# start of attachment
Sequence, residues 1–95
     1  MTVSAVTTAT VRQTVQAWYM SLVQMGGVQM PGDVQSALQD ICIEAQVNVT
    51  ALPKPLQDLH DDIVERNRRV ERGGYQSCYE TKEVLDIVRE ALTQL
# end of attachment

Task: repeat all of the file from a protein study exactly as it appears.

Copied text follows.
Sequence, residues 1–95
     1  MTVSAVTTAT VRQTVQAWYM SLVQMGGVQM PGDVQSALQD ICIEAQVNVT
    51  ALPKPLQDLH DDIVERNRRV ERGGYQSCYE TKEVLDIVRE ALTQL